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The IARC has categorized processed meat as a definite carcinogen. But how dangerous is it really? Do we finally have to give up bacon?

Free Radicals:

Hosted by: Hank Green
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[intro theme]

Hank Green: Last week the International Agency For Research On Cancer released a report establishing a link between eating processed meat -which I love- and cancer; specifically, colorectal cancer. And you might have heard people say things like "eating meat is as dangerous as smoking cigarettes!" And "the World Health Organization has declared war on deliciousness!"

But both of those extreme examples are a little misleading. There is no war on deliciousness. The World Health Organization is not drafting you into an eternal conflict against the forces of bacon. It's not even telling not to eat bacon, and processed meat is not as carcinogenic as cigarettes. The IARC is the cancer agency under the umbrella of the World Health Organization, and one of their main goals is to identify stuff that causes cancer.

And now they've analyzed red meat: the muscle of a mammal like beef, or pork, or lamb, and processed meat: meat that's been treated in some way before you cook it: like sausage, or hot dogs or bacon.

The compiled the results of more than eight hundred epidemiological studies -which examine entire populations of people for patterns- taking into consideration the mechanistic evidence: the stuff that we can see happening under a microscope or in a chemical reaction.

And what they concluded is that processed meat does cause cancer. The IARC found that for every 50 grams of processed meat you eat, on average, per day, your risk of developing colorectal cancer goes up by 18%. Which does not mean that you have an 18% chance of developing that cancer. According to current statistics, if you live in America you have a 5% chance of developing colorectal cancer at some point in your lifetime. That's an average for everybody, no matter their risk factors, and if you eat 50 grams of processed meat a day, that 5% chance becomes a 5.9% chance. Because .9 is 18% of 5, it's an 18% increase to your starting cancer risk, not a flat 18% increase in your chance to develop that cancer, those are two totally different things.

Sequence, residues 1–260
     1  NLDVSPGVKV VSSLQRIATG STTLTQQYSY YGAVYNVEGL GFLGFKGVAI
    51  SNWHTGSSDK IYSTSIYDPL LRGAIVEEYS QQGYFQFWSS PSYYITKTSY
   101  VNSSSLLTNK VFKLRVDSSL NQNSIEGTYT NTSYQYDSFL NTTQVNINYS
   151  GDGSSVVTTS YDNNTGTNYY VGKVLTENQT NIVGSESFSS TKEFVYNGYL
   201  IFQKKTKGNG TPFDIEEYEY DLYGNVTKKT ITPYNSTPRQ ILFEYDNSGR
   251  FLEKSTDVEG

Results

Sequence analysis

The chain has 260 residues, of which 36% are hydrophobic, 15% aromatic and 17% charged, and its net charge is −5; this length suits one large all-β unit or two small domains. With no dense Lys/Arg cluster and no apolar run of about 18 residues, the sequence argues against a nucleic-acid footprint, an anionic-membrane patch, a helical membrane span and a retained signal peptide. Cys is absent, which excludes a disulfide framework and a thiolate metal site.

So yeah, if you eat a portion of bacon for breakfast every morning, your risk of developing colorectal cancer is about 1% more than somebody who doesn't. Does that mean that you should stop eating bacon? I don't know, how much do you like it? It's up to you.

But because the IARC concluded that processed meat definitely can cause cancer, they categorized it as group 1, with all of the other definite carcinogens. The IARC's categories are there to tell you the strength of the scientific evidence saying that something can cause cancer, not how dangerous that something is.

The group one list does include stuff like cigarettes, it also includes plutonium, and wood dust, and the soot from a home chimney. Not all of those things are equally dangerous. In terms of health risk, I'll take working in a wood shop over a smoking habit any day, and processed meat is not one of the more dangerous things on that list.